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Why product research is as important as it gets

Put away your white lab coats, whiteboards, and microscopes – the process of conducting product testing is becoming more and more interactive and provides rapid results.


There was a time when product research meant a laboratory-like setting with months of prep time. In the fast-paced technology and product landscape of the 21st century, that no longer holds true. Product research has largely experienced a shift and can now just as frequently be found to be low-fidelity with little preparation.

Of course, if you’ve paid attention to the most important trend of all in the last decade, data, your product analytics would be doing a lot of the heavy lifting for you that you can rely on to identify relevant customers whom you can target to provide feedback on specific research questions and send out surveys.

Another important component to include in your product’s research strategy is what I’ve coined ‘foot-soldering’: rolling up our sleeves, leaving the comfort of our desks, and talking to users and would-be users in the field. We do this through dozens of usability testing sessions, focus groups (we frequently recruit for this through craigslist – yes, it’s still alive and well), as well as case studies.

Another important fallacy to illuminate is the tendency for many product teams to fall prey to the notion of treating product testing as a one-off activity somewhere in the pre-launch phase of the product lifecycle. The majority of products that fail, do so because they neglect to move with industry and macro-trends and thereby fail at gauging the sentiment of their users, customers, or clients on a frequent basis.

Yes, you guessed it, I’m about to preach how product research should be a continuous priority across the product’s lifecycle. Each upcoming product research challenge should be critically evaluated and have a process put together for how to most efficiently conduct research on the given product or feature. It’s important to differentiate between new products/features and existing products/features and not jump on the convenient alternative of thinking that product research is a one-size-fits-all activity.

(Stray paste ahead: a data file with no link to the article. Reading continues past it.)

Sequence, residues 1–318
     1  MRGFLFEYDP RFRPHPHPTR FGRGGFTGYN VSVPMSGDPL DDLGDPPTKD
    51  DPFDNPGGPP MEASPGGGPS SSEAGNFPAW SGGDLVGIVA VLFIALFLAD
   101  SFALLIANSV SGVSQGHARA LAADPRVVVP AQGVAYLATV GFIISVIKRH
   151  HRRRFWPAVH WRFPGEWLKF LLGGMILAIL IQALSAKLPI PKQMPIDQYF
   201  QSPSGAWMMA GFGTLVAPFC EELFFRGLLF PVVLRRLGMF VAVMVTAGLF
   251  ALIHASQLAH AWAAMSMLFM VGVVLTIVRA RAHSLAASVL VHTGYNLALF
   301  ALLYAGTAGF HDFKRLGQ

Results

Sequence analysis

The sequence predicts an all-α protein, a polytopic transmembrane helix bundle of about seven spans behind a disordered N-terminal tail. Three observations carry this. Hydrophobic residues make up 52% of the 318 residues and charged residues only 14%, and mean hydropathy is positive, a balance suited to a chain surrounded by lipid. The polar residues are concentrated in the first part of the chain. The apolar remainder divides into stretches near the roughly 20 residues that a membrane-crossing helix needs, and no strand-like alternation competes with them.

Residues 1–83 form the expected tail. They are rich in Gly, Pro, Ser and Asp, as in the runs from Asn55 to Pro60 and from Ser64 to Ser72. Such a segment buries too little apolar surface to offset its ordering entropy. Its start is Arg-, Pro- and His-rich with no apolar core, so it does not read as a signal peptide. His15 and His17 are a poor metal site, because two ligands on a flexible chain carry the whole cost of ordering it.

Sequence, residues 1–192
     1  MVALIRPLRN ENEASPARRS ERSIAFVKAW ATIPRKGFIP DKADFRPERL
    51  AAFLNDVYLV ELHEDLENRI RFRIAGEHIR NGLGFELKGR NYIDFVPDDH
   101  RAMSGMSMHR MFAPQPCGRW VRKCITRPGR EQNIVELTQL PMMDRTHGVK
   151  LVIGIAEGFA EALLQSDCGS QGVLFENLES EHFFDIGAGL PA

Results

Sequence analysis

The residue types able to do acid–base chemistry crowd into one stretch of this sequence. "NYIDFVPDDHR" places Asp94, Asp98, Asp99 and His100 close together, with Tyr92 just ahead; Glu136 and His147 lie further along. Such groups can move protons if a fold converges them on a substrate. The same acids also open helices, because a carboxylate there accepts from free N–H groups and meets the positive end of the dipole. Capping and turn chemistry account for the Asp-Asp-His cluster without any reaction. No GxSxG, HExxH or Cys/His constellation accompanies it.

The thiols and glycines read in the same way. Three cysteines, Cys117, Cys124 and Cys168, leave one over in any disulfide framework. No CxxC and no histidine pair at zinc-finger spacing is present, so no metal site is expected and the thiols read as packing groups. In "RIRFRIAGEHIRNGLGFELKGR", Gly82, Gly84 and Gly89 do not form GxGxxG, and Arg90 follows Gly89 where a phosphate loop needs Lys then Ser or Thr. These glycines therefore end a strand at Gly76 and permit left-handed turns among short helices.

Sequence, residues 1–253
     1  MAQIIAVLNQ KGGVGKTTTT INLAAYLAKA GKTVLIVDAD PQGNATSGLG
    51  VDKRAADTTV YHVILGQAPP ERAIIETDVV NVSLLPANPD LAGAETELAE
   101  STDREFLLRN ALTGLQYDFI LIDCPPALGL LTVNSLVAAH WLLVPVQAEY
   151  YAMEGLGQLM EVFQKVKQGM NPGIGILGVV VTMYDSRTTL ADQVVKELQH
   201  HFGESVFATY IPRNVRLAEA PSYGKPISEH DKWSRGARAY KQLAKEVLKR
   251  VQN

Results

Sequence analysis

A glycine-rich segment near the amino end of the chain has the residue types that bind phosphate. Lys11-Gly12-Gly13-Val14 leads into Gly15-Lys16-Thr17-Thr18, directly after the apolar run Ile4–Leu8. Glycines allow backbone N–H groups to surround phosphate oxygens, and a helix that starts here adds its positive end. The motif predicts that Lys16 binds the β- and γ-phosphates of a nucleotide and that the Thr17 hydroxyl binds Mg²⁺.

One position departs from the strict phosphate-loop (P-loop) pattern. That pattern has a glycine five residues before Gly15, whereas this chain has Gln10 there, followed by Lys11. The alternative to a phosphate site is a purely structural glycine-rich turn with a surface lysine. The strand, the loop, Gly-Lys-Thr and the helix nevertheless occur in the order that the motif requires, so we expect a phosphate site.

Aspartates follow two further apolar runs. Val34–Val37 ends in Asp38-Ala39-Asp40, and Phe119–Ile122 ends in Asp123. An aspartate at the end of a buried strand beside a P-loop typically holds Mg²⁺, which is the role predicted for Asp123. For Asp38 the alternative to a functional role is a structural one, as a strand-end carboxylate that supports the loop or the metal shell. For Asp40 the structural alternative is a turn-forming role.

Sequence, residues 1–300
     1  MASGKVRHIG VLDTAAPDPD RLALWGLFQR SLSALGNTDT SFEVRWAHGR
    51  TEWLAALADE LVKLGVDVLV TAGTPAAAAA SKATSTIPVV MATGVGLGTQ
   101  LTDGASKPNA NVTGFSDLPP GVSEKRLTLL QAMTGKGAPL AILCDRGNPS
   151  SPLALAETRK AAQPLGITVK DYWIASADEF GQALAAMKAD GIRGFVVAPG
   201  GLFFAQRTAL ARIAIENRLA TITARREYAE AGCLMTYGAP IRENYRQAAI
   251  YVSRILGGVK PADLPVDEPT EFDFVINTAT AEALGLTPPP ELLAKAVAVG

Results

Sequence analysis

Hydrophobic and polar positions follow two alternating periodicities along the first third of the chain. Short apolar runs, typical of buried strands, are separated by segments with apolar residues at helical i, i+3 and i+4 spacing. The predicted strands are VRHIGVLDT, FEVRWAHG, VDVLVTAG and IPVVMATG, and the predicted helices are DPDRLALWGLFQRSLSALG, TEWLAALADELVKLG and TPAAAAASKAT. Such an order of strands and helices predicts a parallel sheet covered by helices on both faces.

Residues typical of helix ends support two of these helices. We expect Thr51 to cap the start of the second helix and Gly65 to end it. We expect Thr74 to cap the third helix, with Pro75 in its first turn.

Whether you’re working on shipping out a new product or making modifications to an established one, it’s pivotal to opt for a research approach that complements the maturity of the given product.

Research is a core part of our product team, permeating through to all other internal teams and we strongly believe that product research should be at the core of one’s product strategy and that companies should prioritize to constantly elicit feedback from their customers.

The more studies we conduct, the closer we’re getting to achieving our product and design goals, whilst at the same time gathering confidence that we’re moving in the right direction through continuous research input.

Treating usability testing as a continuous activity can, and will almost certainly, have a noticeable impact on how the end-product turns out.

Finally, the ongoing relationship created between designers, researchers and the product manager throughout a continuous research loop, ensures constant communication within the product team, where all parties relevant to the research can trust one another to include relevant parties in important meetings, updates, and changes.

Happy research and remember, if nobody challenges the status quo, how will it change…?

Photo Credit: David Travis on Unsplash

About author

As the co-founder and Head of Product at Satochi and Naologic and with a background in information systems and behaviorism, Oliver has been working as head of products for 6 years. Oliver has led development across both corporate as well as startup FinTech and Blockchain focused companies and has in-depth experience of enterprise scale blockchain integration, deployment as well as a product and strategy-centric focus.

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